Egg Recipes for Babies
- Egg Puree/ Mash
This is an easy and great way to introduce eggs into your baby's diet. Simply hard boil an egg and mash together with a vegetable/fruit puree, baby milk or yoghurt. See the recipe card below for the full recipe.
This can be spoon-fed to the baby or offered to self-feeding babies on loaded spoons. Alternatively, spread the mixture on toast fingers.
- Scrambled Egg
Scrambled eggs are also a great option, they should always be fully cooked but you still want fluffy scrambled eggs. How to cook scrambled eggs for a baby.
Scrambled eggs can be spoon-fed or served in big "clumps" to make it easy for babies to pick up.
Omelettes are great for adding flavour and vegetables to eggs. Chop vegetables very small and add them along with some herbs and/or cheese. Omelette fingers are great for little hands as they are easy to grasp and hold. Alternatively egg rolls are a great option, roll the omelette and chop it into bite-size pieces
Most pancakes have eggs in them but what makes these "pancakes" different is that egg is one of only two ingredients. Mixing egg with some banana, to make banana egg pancakes, or sweet potato puree to make sweet potato egg pancakes, is perfect for babies. Serve whole, in strips or bite-sized pieces depending on the age and stage of your baby.
- Egg Muffins
Similar to the banana pancakes above, these banana egg muffins or "sweet omelette bites" are made with just egg and banana. Optional fruit (raspberries / blueberries) are added to the bottom before cooking.
Other Frequently Asked Questions
Eggs taste great with a range of foods such as cheese or vegetables such as onion, capsicum, spinach, tomato, asparagus, mushrooms, leeks, and potato. Eggs are also great for introducing a range of herbs to your baby, such as basil, parsley, chives, tarragon & thyme.
Yes, add your cooked eggs / mashed egg purees to a covered container and refrigerate for up to two days.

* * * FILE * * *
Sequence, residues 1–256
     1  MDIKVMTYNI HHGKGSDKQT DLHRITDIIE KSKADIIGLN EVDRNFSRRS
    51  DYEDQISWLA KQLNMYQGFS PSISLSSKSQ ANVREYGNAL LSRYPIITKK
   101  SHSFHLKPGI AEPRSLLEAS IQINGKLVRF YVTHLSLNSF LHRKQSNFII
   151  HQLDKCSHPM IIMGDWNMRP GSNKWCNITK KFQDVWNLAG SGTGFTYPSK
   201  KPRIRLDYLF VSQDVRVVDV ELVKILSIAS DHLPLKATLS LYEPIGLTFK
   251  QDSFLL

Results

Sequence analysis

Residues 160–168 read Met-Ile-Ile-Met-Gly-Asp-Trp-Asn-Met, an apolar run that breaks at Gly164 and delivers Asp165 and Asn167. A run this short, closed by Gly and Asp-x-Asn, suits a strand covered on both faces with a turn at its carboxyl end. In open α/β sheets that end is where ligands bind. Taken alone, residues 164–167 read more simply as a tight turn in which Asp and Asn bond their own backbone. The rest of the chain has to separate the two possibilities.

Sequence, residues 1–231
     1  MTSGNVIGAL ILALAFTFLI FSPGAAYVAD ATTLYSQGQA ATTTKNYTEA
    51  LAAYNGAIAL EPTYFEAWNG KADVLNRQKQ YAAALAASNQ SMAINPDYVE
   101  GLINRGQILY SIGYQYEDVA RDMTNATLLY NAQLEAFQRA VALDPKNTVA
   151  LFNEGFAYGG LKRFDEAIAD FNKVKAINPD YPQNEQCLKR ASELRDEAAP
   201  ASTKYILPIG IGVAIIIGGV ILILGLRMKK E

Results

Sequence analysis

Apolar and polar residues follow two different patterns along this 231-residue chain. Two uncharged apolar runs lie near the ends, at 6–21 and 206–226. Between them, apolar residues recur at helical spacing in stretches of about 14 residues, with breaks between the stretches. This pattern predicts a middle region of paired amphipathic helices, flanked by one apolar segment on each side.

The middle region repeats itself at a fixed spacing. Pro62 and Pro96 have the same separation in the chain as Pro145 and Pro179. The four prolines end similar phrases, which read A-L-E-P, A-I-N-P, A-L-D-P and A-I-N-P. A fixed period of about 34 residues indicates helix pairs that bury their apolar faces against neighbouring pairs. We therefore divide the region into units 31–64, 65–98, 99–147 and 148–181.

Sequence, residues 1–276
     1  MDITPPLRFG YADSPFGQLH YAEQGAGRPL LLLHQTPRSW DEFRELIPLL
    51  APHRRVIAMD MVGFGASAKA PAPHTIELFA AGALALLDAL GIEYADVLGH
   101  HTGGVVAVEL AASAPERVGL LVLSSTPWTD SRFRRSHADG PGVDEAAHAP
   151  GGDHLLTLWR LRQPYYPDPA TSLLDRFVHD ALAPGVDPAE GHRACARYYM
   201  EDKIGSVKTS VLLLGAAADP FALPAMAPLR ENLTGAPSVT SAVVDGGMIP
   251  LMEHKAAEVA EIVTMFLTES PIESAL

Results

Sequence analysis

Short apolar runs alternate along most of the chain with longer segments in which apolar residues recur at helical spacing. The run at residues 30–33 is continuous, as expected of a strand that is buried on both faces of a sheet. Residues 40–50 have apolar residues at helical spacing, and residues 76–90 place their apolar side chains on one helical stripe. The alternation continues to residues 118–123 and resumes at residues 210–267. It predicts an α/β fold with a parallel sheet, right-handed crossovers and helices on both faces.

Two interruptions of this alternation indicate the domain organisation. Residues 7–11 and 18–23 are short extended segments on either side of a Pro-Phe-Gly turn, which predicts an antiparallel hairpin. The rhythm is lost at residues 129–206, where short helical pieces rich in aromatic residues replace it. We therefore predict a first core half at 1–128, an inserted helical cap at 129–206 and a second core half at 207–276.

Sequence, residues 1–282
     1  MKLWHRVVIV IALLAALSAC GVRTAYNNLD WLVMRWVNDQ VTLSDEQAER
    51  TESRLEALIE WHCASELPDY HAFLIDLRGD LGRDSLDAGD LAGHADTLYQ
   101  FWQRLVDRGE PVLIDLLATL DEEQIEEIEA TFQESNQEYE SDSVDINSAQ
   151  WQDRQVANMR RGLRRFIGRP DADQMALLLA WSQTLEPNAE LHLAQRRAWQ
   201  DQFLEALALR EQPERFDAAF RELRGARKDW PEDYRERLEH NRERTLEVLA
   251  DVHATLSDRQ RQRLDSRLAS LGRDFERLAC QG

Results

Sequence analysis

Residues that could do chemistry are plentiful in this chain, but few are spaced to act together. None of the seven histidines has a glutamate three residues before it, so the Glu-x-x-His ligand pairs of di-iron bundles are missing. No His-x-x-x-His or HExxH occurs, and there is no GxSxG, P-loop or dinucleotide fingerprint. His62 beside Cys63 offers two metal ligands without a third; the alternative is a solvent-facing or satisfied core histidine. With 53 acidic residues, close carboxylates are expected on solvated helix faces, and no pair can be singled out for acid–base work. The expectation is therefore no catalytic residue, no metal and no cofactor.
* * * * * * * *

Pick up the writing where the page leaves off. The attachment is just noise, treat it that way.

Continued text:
More Feeding Guides for Baby Led Weaning
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- ½ Hard Boiled Egg
- 1 tablespoon Mashed Avocado See notes for alternatives
- Add the egg and avocado to a small mixing bowl and mash together until the desired consistency is achieved.
- How to cook hard-boiled eggs:
- The avocado needs to be ripe so it mashes easily.
- Alternatives to avocado: You can replace the avocado with any vegetable or fruit puree, yoghurt or a splash of baby milk.
- Scrambled Eggs
- Baby Omelette Fingers
- Omelette Rolls
- Banana Egg Pancakes
- Sweet Potato Egg Pancakes
- Fruity Egg Muffins
Disclaimer: This information is intended for general use only. It is not medical advice and is not intended to replace the personalised care and advice given to you by your health professional. I am not a health professional and I do not know your baby. You should always discuss any concerns or questions about the health and well-being of your baby with a healthcare professional. Please refer to my full disclaimer for more info.
- DGA, Scientific Report of the 2020 Dietary Guidelines Advisory Committee, <<https://www.dietaryguidelines.gov/2020-advisory-committee-report>>
- ASCIA, How to Introduce Solid Foods to Babies for Allergy Prevention - Frequently Asked Questions (FAQ), Accessed 22 April 2021 <<https://www.allergy.org.au/patients/allergy-prevention/ascia-how-to-introduce-solid-foods-to-babies>>
- NHS, Your Baby's First Solid Foods, Accessed 22 April 2021 <<https://www.nhs.uk/conditions/baby/weaning-and-feeding/babys-first-solid-foods/>>
- Better Health Channel, Victorian Government, Accessed 22 April 2021 <<https://www.betterhealth.vic.gov.au/health/conditionsandtreatments/egg-allergy>>
- ASCIA, Food Allergy, Accessed 22 April 2021, <<https://www.allergy.org.au/patients/food-allergy/food-allergy>>